Hello, I’ve missed you.
I haven’t posted for a few days because a) I was traveling, and b) as some of you on Facebook know, I was sick as a dog. My parents adorably, dutifully read this blog and also are on high-swine-flu-alert, and so I didn’t want to worry them. (I won’t lie, though, having the flu—any kind of flu—while seeing people walk around in facemasks is disconcerting). So, this will be a bit on the long side, but it was an eventful week.
So, early last week I started feeling less than stellar, and after a fever-filled Wednesday night that continued into Thursday, I decided to skip class and go to the pharmacy to get some medicine.
Argentinean farmacias—and maybe all South American pharmacies?—are completely different than those in America. They still sell shampoo and toothpaste and everything, but all of the medicine, from the hard stuff down to the children’s cold medicine, is behind the counter. Apparently, you’re supposed to tell the pharmacist what ails ya, and he will grab you the correct pills (skipping the middle-man of the doctor, really).
This is, obviously, a bit of a challenge when you don’t speak Spanish. Contributing to the problem is also my fading, albeit still present fear of very specific medicinal combinations, instilled by my mother when I was a child. (“You’re drinking a coke after taking that Advil?!”) There’s also the simple fact that, for whatever reason, I absolutely hate taking medicine.
I don’t know the word for sore throat, or for “achy,” and I was terrified that they’d quarantine me if I made it sound as though I were really sick, so the conversation was halted, to put it mildly. An approximate translation follows:
Me: Hi. I’m sick—a little sick. Just a little, but I need some medicine.
Pharmacist: What do you need?
Me: I don’t know. I’m sorry.
Pharmacist: Do you need antibiotics?
Me: I don’t know. How would I . . . I . . . I don’t know.
Pharmacist: Do you have a fever?
Me: Yes! Fever. I have a fever. A little fever. And, umm, this, I have this
(pointing rapidly and dramatically to my neck). It’s not terrible, but, it’s not good.
Pharmacist: What is your temperature?
Me: I don’t know, I don’t have a thermometer, but I’m hot and then . . . not hot? And then hot and then (shaking myself like a lunatic, miming “chills”).
Pharmacist: It’s very important to know what your temperature is.
Me: Yes. Yes. Is it? Oh.
Pharmacist: Yes, but here is something for you .
Me: What is it?
Pharmacist: It’s similar to Tylenol.
Me: Wonderful! Okay. And I need a thermometer, right?
Pharmacist: Yes .
Me: Excellent. And vitamin C?
I felt pretty successful when I left, and assumed I would be raring to go in a few hours.
Five hours later, it became clear that I was mistaken. I had been alternating juice and soup for about 24 hours by this point, and taking cool showers (It turns out that taking a bath in the bathtub was the flood culprit, and so that was out.) By late afternoon, it was all I could do to sit up. I lost the remote control and watched two episodes of the Fresh Prince in Spanish before falling asleep (and waking to find the remote lodged in my hip).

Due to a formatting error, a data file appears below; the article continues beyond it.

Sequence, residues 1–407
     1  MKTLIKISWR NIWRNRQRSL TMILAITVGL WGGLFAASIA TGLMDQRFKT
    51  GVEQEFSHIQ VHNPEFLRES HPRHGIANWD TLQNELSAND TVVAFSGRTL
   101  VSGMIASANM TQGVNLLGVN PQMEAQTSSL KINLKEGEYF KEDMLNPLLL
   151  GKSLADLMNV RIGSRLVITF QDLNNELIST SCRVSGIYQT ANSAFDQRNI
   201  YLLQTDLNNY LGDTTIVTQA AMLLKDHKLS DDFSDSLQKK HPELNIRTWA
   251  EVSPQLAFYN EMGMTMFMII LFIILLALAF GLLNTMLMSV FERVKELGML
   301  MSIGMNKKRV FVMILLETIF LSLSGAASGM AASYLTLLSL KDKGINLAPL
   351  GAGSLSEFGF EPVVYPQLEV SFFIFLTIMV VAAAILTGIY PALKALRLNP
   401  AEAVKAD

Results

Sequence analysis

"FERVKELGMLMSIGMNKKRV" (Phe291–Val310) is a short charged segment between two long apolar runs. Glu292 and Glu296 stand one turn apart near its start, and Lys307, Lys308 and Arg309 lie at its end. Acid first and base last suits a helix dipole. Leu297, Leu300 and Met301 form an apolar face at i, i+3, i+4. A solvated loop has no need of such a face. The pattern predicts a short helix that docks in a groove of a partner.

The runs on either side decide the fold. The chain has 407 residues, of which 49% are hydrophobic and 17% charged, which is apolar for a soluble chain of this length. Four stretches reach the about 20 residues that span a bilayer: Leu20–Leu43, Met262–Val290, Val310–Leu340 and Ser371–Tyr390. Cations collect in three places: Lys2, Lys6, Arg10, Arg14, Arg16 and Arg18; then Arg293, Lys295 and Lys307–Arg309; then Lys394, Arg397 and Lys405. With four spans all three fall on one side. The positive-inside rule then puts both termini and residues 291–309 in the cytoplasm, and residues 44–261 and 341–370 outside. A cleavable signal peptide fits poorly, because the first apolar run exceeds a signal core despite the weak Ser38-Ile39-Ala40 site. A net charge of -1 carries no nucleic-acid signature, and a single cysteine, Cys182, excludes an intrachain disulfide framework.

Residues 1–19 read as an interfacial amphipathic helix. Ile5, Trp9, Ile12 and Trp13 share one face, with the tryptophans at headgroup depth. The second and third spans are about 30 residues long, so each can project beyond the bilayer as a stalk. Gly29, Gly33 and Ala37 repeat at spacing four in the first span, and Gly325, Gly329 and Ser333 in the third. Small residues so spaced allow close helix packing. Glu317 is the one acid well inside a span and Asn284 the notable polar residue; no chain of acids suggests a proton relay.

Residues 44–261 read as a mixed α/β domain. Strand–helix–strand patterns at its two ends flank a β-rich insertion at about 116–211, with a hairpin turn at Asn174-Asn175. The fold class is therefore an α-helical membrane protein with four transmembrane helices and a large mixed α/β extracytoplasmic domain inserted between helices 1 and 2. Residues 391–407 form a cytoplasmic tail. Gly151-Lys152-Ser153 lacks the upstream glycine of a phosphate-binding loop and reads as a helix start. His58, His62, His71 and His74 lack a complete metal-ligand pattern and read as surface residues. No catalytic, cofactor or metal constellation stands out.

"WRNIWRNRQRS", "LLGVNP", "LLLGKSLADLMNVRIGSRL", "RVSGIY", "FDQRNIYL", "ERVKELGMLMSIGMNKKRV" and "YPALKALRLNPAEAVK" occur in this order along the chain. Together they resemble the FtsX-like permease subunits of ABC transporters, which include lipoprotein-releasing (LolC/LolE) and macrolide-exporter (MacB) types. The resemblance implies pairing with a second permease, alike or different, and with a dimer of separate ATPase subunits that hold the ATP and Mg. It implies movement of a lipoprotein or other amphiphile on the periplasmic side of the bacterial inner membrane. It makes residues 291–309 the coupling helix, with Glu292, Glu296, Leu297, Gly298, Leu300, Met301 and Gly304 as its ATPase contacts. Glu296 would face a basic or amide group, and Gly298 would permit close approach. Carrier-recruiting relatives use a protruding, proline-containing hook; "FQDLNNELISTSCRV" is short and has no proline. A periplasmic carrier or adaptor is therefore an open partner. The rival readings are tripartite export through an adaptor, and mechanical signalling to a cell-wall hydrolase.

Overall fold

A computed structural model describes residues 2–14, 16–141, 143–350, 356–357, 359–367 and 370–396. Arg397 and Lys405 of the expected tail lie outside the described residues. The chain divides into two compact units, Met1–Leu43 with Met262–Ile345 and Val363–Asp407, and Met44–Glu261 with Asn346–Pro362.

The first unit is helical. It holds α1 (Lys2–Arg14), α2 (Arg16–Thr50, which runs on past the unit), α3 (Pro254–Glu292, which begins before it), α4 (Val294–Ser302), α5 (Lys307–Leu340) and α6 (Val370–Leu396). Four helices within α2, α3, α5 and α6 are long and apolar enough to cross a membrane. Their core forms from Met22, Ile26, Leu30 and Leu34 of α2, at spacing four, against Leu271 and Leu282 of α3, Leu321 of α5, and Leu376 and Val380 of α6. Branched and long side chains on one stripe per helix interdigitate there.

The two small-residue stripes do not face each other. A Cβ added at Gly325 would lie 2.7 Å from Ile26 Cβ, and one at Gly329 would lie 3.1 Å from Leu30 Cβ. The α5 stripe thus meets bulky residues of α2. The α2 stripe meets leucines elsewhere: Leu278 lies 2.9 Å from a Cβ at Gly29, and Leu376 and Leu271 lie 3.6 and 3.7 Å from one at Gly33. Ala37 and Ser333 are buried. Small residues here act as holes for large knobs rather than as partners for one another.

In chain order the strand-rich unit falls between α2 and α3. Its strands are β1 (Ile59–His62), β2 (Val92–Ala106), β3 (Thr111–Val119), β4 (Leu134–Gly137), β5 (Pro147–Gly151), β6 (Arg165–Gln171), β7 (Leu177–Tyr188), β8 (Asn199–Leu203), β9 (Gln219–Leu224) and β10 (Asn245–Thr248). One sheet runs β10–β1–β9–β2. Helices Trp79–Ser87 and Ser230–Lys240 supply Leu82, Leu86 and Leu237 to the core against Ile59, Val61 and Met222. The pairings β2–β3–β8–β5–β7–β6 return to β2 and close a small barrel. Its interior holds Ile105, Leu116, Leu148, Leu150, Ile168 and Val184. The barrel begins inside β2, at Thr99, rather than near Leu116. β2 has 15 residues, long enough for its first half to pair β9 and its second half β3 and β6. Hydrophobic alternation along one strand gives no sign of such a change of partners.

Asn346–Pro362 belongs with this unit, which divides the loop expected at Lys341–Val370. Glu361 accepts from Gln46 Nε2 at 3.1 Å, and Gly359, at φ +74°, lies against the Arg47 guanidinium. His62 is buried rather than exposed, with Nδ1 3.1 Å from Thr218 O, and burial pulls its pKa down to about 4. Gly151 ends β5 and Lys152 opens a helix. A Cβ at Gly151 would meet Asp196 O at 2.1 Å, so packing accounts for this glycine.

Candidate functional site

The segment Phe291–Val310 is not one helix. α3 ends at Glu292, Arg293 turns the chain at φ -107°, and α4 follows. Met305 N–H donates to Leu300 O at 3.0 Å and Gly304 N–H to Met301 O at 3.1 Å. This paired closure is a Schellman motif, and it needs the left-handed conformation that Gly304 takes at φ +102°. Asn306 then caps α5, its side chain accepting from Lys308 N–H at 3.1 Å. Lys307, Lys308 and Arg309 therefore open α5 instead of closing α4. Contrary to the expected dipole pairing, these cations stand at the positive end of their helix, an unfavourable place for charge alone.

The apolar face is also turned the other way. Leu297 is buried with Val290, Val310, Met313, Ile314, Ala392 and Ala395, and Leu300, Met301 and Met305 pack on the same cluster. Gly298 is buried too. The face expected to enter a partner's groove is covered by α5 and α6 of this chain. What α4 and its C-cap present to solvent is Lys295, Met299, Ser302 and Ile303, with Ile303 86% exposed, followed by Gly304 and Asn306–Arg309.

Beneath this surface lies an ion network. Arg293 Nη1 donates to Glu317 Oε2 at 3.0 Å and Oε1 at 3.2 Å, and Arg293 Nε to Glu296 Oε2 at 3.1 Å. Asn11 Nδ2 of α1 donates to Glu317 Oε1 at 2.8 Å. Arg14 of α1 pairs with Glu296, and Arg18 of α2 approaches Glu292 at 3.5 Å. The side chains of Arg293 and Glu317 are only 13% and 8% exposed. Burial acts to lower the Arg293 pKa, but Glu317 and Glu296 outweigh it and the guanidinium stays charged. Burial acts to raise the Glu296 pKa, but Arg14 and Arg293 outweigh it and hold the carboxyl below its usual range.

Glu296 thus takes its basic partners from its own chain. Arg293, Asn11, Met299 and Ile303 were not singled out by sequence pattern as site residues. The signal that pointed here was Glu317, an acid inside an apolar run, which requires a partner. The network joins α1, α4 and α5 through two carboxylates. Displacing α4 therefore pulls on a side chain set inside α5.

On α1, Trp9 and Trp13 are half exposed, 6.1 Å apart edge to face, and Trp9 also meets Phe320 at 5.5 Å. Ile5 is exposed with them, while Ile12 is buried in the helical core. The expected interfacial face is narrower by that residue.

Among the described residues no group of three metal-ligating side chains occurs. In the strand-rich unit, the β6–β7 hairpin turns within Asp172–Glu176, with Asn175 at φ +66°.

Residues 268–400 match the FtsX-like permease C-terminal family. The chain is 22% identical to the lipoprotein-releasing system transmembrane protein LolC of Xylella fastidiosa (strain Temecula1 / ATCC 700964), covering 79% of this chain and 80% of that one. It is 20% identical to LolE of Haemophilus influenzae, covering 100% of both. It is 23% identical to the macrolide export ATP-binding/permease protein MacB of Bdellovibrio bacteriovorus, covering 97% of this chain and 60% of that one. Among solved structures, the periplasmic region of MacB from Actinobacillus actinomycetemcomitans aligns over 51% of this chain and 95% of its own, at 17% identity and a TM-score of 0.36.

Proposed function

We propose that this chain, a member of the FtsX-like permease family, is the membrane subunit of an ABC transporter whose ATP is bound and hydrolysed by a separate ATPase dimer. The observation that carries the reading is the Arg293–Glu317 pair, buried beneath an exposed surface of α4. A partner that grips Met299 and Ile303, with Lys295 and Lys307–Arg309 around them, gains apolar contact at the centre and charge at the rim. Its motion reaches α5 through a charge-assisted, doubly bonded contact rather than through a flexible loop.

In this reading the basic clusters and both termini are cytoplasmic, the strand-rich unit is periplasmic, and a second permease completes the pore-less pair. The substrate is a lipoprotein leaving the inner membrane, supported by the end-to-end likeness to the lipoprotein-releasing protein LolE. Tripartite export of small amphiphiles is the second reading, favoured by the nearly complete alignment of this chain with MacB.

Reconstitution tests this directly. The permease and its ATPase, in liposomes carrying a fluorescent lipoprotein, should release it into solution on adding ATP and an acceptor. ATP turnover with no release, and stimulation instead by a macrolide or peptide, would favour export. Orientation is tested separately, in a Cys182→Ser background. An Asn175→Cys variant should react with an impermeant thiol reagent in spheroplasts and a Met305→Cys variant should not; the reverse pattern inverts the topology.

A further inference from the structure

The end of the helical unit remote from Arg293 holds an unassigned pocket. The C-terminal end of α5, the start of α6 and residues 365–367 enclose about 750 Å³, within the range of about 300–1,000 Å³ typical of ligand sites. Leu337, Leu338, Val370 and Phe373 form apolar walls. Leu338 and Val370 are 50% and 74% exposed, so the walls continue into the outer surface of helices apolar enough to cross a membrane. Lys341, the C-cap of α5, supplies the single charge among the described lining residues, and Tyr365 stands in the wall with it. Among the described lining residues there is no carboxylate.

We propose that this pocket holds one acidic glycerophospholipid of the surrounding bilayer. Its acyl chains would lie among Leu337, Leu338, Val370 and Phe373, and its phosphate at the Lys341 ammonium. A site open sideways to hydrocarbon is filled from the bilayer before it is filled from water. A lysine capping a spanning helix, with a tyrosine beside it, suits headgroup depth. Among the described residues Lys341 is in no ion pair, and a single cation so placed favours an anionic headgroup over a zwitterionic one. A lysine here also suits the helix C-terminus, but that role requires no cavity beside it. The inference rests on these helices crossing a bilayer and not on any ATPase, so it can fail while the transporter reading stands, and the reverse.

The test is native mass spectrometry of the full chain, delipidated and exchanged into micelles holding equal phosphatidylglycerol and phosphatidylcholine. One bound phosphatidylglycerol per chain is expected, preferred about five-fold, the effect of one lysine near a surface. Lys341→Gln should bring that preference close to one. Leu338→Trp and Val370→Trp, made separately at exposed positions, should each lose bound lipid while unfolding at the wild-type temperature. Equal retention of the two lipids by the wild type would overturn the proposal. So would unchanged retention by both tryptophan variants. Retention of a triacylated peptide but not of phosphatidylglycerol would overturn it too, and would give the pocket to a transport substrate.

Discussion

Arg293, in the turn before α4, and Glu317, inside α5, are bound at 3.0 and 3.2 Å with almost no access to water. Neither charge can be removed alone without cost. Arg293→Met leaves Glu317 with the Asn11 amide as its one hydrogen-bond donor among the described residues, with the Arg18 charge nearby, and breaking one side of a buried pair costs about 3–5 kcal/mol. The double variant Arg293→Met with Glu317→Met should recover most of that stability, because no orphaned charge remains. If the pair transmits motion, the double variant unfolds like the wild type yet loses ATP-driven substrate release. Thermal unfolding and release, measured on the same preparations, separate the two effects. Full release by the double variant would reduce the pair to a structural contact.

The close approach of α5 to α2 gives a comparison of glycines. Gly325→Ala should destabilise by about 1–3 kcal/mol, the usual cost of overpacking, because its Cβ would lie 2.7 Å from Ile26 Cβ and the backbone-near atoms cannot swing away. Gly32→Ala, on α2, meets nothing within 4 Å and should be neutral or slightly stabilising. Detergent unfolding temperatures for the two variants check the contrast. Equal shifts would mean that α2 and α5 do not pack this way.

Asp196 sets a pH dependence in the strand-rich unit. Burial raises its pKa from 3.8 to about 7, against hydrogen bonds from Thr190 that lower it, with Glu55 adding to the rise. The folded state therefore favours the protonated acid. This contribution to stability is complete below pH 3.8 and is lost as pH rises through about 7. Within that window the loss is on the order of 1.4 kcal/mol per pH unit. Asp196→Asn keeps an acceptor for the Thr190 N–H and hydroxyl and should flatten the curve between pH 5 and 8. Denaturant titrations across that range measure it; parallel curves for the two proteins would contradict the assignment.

At the risk of being repetitive, I felt like absolute crap. I slept with a light on because I couldn’t make myself get up to turn it off. There was moaning. At one point, in the middle of the night, under three blankets, I woke up to find my flannel pajama pants had ridden up, exposing a few inches of skin above my right sock. It felt like someone was holding an ice cube to my leg, but the rest of my body was so achy that I couldn’t bring myself to even reach down and fix it.
Oh God, I kept thinking, my dad was right—I do have swine flu. I have swine flu and I don’t even have a phone to call an ambulance and it’s so hot in here and I’m going to die in this really cute apartment alone and when they find me they’re going to see my dirty clothes in that big pile with the underwear on top and I paid for Spanish lessons through next week and I won’t get to go and they’ll have to ship my body back and it’s so cold in here and how is it possible that my eyes hurt? My eyes actually hurt. I’m coughing up mucus and I wish I had a tissue—but, wait, didn’t they say that with swine flu it’s a dry cough? Yes, yes, they said it was a dry cough. Hooray, mucus! I love mucus! Maybe not, maybe they said the regular flu was a dry cough and swine flu was heavy on the mucus. I should have read more carefully and I should have bought more juice because I need more juice and it’s So. F-ing. Hot in here.
It was a rough night, and made even more so by the fact that I was planning to fly up to Iguazu Falls for the weekend, and my plane left on Friday. It seemed ludicrous to get on a plane, but it seemed even more so to miss the chance to go when I had no idea when I would ever get back again—and I had booked the hotel over email in Spanish, which had made me wildly proud of myself.
My Imaginary Boyfriend
So, Friday morning came and I was still a sweaty, shaking, feverish mess, but now I had the added pleasantness of feeling as though someone was rubbing my throat with a Brillo Pad. For the reasons mentioned above, though, I really just had to go. So first I went back to the pharmacy and very willingly bought antibiotics after explaining that my necklace hurt very much. I was over pretending. Only good things could come of being quarantined at this point. My necklace is in pain, I said, and my head and my fever, also, is in much pain.
Domestic flights here fly in and out of a different airport than the international one I was familiar with, so I caught a taxi fairly early, armed with all of my medicines and my thermometer (along with my notes on Celsius to Fahrenheit conversions). And, because that’s the way the world works sometimes, I had my first creepy taxi driver experience as I sat, debilitated in the back seat.